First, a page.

In 1970 James Aubrey, the new and much hated head of MGM, ordered an auction to be held of all of Metro’s old props, costumes and souvenirs of former sets. The event was loudly objected to in Hollywood but in the end the objectors didn’t really make any difference; Debbie Reynolds and a few others actually laid down hard cash to preserve some of the more special items (she bought Dorothy’s ruby-red shoes from “Wizard Of Oz’ amongst many other things) but the effort to preserve the whole booty and create a museum devoted to MGM memorabilia never got to first base. The above is a little ten minute doc combining footage from the auction, stills of the stuff that was sold and clips of the sets in the movies they appeared in contrasted with their current 1970 decrepitude. The music and tone of the whole thing is on the mournful side and most of the Youtube commenters are inclined to view the whole thing in tragic proportions.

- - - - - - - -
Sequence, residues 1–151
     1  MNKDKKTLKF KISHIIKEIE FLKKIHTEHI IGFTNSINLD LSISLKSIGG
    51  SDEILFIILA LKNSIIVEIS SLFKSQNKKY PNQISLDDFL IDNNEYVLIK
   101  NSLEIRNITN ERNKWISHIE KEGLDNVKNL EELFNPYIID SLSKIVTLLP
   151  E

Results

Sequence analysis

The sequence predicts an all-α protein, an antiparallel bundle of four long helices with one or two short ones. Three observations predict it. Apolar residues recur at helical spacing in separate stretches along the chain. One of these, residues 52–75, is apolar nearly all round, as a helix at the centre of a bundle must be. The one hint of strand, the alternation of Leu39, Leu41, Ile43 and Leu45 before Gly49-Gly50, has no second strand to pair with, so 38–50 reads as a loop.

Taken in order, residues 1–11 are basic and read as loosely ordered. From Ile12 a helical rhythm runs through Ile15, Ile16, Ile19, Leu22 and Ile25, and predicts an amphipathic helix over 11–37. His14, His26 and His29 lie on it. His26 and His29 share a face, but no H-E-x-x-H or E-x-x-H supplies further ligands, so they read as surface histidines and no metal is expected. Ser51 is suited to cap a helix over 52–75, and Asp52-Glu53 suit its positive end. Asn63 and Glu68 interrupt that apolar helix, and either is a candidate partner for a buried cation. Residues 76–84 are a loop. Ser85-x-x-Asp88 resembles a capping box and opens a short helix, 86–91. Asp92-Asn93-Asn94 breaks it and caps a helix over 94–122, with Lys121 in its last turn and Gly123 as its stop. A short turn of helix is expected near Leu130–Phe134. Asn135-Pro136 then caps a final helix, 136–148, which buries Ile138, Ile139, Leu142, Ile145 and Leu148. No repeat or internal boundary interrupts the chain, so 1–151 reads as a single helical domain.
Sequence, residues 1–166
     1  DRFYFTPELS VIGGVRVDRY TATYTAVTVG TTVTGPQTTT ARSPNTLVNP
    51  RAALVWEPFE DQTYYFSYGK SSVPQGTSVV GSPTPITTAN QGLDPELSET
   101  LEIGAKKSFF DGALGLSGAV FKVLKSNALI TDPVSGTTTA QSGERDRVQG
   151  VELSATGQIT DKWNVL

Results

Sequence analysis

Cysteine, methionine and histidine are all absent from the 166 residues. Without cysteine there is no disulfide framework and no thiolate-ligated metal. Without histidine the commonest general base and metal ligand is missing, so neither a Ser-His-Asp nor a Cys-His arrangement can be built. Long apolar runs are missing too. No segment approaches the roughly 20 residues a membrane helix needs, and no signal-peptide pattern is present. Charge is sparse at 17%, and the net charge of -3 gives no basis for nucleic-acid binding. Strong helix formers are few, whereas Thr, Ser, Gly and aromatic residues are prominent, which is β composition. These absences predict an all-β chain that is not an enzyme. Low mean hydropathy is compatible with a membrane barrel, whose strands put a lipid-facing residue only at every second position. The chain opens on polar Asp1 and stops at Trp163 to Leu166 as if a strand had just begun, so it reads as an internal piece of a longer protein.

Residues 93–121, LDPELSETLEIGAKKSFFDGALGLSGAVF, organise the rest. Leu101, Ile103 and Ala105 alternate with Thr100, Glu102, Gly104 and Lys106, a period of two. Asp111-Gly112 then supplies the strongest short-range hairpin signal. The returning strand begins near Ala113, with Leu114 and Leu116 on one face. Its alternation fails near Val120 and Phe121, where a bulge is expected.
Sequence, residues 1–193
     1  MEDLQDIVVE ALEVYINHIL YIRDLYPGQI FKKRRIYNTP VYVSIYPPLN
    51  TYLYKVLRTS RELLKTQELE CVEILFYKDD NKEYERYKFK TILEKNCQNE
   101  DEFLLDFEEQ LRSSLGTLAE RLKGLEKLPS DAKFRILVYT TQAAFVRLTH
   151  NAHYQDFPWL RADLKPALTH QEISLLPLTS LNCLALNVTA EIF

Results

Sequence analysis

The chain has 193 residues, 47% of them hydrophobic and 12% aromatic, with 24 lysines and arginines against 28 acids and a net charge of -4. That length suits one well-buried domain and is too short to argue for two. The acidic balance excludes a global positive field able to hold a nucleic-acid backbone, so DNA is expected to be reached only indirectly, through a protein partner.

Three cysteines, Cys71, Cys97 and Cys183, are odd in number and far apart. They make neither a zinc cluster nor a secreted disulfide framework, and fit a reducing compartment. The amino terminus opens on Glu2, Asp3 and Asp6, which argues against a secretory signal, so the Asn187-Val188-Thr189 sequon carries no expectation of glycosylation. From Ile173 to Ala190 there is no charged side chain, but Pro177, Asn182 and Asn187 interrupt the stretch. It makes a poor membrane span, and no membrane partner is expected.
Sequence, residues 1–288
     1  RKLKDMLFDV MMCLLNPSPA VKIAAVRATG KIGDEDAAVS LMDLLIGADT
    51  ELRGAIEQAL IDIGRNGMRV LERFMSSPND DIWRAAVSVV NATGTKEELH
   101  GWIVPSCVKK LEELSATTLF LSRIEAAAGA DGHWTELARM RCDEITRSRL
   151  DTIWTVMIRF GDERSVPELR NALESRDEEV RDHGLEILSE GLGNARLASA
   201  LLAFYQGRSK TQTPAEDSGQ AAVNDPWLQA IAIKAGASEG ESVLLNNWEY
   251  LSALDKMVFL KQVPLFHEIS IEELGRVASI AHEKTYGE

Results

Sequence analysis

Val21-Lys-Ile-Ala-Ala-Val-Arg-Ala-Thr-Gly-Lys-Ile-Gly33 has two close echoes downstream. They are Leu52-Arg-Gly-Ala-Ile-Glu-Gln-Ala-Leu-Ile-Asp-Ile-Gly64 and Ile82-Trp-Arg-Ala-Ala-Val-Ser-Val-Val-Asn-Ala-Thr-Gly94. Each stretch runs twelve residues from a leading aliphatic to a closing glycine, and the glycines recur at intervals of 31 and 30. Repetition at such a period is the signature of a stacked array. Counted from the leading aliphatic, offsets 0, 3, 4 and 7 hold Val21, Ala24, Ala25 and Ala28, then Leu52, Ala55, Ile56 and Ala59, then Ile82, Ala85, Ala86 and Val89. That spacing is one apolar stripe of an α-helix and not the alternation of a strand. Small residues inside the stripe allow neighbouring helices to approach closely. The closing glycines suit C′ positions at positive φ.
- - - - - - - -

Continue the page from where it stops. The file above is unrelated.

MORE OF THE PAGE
But while I agree that preserving many of the items might have been nice, I’m not sure I find the dissolution of much of the old MGM sets, props and furniture particularly tragic. Remember that they were made to be featured in movies, not admired on their own. The term ‘dream factory’ was often applied to Hollywood studios and what made this so accurate was that they were in the business of manufacturing fabricated reality; you weren’t supposed to want to own the prop boat from ‘Mutiny On The Bounty’, you were supposed to watch the splendid film that it was built for. Likewise, the standing sets, though sad to see in their later condition, were made of plaster not concrete. Their shelf-life was always supposed to be limited. And consider this; wouldn’t the real tragedy have been if the sets and costumes had been saved and the movies had disappeared? Fortunately this isn’t the case. As for the studio itself much of the land around it was sold off for development but the studio itself remains and Sony, its owner, keeps it in splendid condition. Its period art-deco office buildings and large and sturdy sound stages remain intact, along with some charming park areas. So all is not lost. We have the movies and the bulk of the studio and Debbie Reynold’s descendants presumably have the Ruby Red slippers and the many other items she took home. All the rest was manufactured for the sake of illusion and the illusion was and continues to be a highly successful one.


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